Using Instincts to Survive and Developing a Social Conscience

Using Instincts to Survive and Developing a Social Conscience

The tragedy at Umqua Community College is yet another reminder to Americans that our world is not as safe as we perceive it to be._While politicians and news media have discussed and rediscussed causes and blame, the reality is that there is no decrease in the incidents to date._This article explores the possibility of using a social conscience in prevention of shooting incidence as well as learning how to use our own instincts to fight back when involved in such an incident.


 

The recent events at Umqua Community College has left our nation once again stunned, outraged, and grieving the loss of innocent lives.  As President Obama stated, along with many others, Americans are becoming desensitized to these tragic weekly shootings.  In our outrage and perceived helplessness, citizens look for something or someone to blame: weapon laws, mental illness, terrorism, politics and diminishing national pride.  

I've watched with other Americans this shooting trend increase since the tragedy at Columbine.  Each of these shootings share the same common denominators: an angry shooter, guns, mental illness, the shooter's use of social media to advertise intentions and post-shooting mass media coverage.

Americans have been exposed to decades of violence real and not real through mass media.  Most of the scenes include a shooter in control and potential victims responding submissively in fear.  In real life, when we perceive a threat to our lives

, our Fight or Flight instinct is activated.  "Fight or Flight" is a built in survival mechanism that helps humans protect themselves in life threatening situations. When it is triggered we have bursts of adrenaline shoot through our bodies resulting in heightened senses, strength, and even an intuitive sense of how to survive.   As society has become more civilized by governing agencies over the centuries, we have learned to submit to authority figures or men with weapons -(i.e. police, military, security guards).  Compliance in safe circumstances whether we are scared or not is the logical response in a non life threatening situation. 

However, in learning to comply with authority or submit when a gun appears, we may have unknowingly trained ourselves what not to do in a shooter situation.  In the majority of mass shootings in the U.S. the gunman has shocked and frightened the victims who generally hide or submit.  We know now after hundreds of shooting incidents that this response is not effective. We cannot change gun laws or cure mental illness but we can change how we respond in life-threatening situations and how to be proactive in the prevention of further shootings.

First, we must address our perceptions and fear of guns and understand that statistically speaking, not fighting back consistently ends with poor outcomes.  In fact, in shooter incidents where potential victims did fight back, there has been minimal loss of life and injury.  We need to use our natural instincts and survival mechanisms to fight back in shooter incidents.  Women are told in abduction scenarios that if being forced into a car at gunpoint or by knife, to scream and fight, because we know statistically that once one gets in the car, the odds of survival are very low.  Being shot or stabbed for fighting back is worth the risk when you are certain to die by not doing so.  The Americans who fought back against the terrorist on the train in France two months ago were injured in their heroic efforts but no one died.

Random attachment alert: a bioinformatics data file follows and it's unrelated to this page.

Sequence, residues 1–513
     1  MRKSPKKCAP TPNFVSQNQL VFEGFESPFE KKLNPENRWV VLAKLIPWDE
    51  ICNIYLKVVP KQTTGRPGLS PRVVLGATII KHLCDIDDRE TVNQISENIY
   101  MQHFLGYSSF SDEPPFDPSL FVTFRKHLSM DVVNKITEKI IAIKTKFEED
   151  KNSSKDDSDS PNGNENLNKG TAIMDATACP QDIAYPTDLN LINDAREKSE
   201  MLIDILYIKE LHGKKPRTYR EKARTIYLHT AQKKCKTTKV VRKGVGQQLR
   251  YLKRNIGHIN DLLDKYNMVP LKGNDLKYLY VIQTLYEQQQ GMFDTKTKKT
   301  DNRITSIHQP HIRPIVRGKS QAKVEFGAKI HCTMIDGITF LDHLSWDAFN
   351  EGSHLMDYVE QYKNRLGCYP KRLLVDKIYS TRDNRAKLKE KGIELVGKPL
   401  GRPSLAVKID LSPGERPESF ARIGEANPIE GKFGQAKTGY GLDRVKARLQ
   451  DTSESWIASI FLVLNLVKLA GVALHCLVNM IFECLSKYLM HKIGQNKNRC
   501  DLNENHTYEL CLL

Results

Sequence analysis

The other solution to decreasing shooting incidents is teaching and embracing a social conscience.  Each of us must be proactive as citizens and report social media messages advertising the intention to harm others. The Post sadly noted that "anyone who knew this young man knew what he was capable of". As therapists, by Law we are required to break confidentiality if a client states intention to harm or kill another human being.  It is not a choice for us: the Tarasoff Law was created after the murder of a young woman whose murderer stated his intentions to kill her to his therapist (who did not report it).  

While reporting laws are not likely to be in place for every citizen, educating our youth about social responsibility is always a good idea.  We can never assume someone is kidding, having a bad day, seeking attention or someone else will report it-threats of harm are serious, taking them seriously is imperative.  And, threats must be taken seriously by both the reporting party and the authorities.

I doubt in my lifetime that I will see changes to gun laws or less individuals with untreated mental health issues.  What I do believe is possible is the development of a  social conscience where individuals feel morally obligated to report their concerns to authorities.  We must also retrain ourselves in how we respond when faced in a situation with a shooter.  Humans are wired for survival and a will to live: we must teach ourselves and our youth that it is correct to use our natural instincts to survive rather than the learned behavior to submit. 

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